A Christian Nation
By Alan Caruba
December 9, 2013
It is a habit of mine to revisit the classic literature of the past and, with the advent of Christmas coming at the end of this month, I picked up an excerpt from Edward Gibbon’s famed “The History of the Decline and Fall of the Roman Empire” that addressed in part the role of Christianity.
Gibbon’s vast knowledge eventually filled six volumes. The first three volumes were published in 1776 and became a bestseller. The final three volumes cemented his reputation as a historian.
Gibbon (1737-1794) not only possessed a vast body of knowledge, but also a felicity of prose that enhances the pleasure of reading him. His history of Rome also contained open criticism of organized religion which no doubt evoked a great deal of debate.
The religion of Rome, however, being polytheistic with many gods could only be called organized insofar as temples to those gods were built wherever it exercised its power. Suffice to say, the then new religion of Christianity was declared illegal and Christians were widely persecuted.
Initially, the adherents to Christianity were Jews. Gibbon notes that “The first fifteen bishops of Jerusalem were all circumcised Jews; and the congregations over which they presided, united the law of Moses with the doctrine of Christ.” Judaism had been around for three thousand years by that time, but there were a variety of factors that kept it isolated and limited in numbers. It did not actively proselytize and the requirement for circumcision was a deterrent. Judaism also had many restrictions such as dietary laws and requirements that further reduced its attraction for the masses.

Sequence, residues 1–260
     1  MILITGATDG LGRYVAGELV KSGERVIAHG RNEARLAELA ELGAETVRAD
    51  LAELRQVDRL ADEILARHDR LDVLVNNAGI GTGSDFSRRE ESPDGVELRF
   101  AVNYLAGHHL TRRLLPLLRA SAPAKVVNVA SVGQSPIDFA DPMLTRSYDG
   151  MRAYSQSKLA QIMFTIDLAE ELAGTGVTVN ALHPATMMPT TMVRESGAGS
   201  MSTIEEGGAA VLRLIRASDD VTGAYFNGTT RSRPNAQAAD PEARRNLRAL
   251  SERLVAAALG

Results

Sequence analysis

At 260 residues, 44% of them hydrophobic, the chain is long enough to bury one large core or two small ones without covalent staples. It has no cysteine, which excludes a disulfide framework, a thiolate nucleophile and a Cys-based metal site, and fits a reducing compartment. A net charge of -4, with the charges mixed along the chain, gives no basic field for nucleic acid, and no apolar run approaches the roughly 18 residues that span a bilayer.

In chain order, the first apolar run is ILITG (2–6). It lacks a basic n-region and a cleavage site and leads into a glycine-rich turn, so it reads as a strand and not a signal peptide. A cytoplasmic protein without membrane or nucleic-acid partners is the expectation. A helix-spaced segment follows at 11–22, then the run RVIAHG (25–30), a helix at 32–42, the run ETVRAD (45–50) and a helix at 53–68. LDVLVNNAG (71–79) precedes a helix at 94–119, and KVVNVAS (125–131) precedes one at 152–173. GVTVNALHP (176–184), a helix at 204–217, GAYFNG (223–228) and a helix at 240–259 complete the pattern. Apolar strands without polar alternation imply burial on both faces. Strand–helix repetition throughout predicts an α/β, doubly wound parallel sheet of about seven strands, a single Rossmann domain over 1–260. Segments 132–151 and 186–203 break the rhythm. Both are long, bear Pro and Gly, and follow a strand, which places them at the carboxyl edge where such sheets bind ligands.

All that changed with the advent of Saul of Tarsus, now known as St. Paul, a Jew who experienced an epiphany that threw open the doors to the philosophical and historical basis of Judaism. “Christianity offered itself to the world, armed with the strength of the Mosaic law and delivered from its fetters,” wrote Gibbon. “The divine authority of Moses and the prophets was admitted, and even established, as the firmest basis of Christianity.”
“The promise of divine favor, instead of being partially confirmed to the posterity of Abraham, was universally proposed to the freeman and the slave, to the Greek and the barbarian, to the Jews and to the Gentile.”
“When the promise of eternal happiness was proposed to mankind, on condition of adopting the faith, and of observing the precepts of the gospel, it is no wonder that so advantageous an offer should have been accepted by great numbers of every religion, of every rank, and of every province in the Roman empire.”
The Roman empire had reigned supreme for almost 300 years when Christianity came on the scene and would last another 200 until, in the view of historians; it became too tired to maintain itself. It stretched across the known world from the British isles to India, exacting taxes and offering protection. By the third century it could not be effectively governed from Rome and split into two factions, East and West, seen today in the Eastern and Western churches.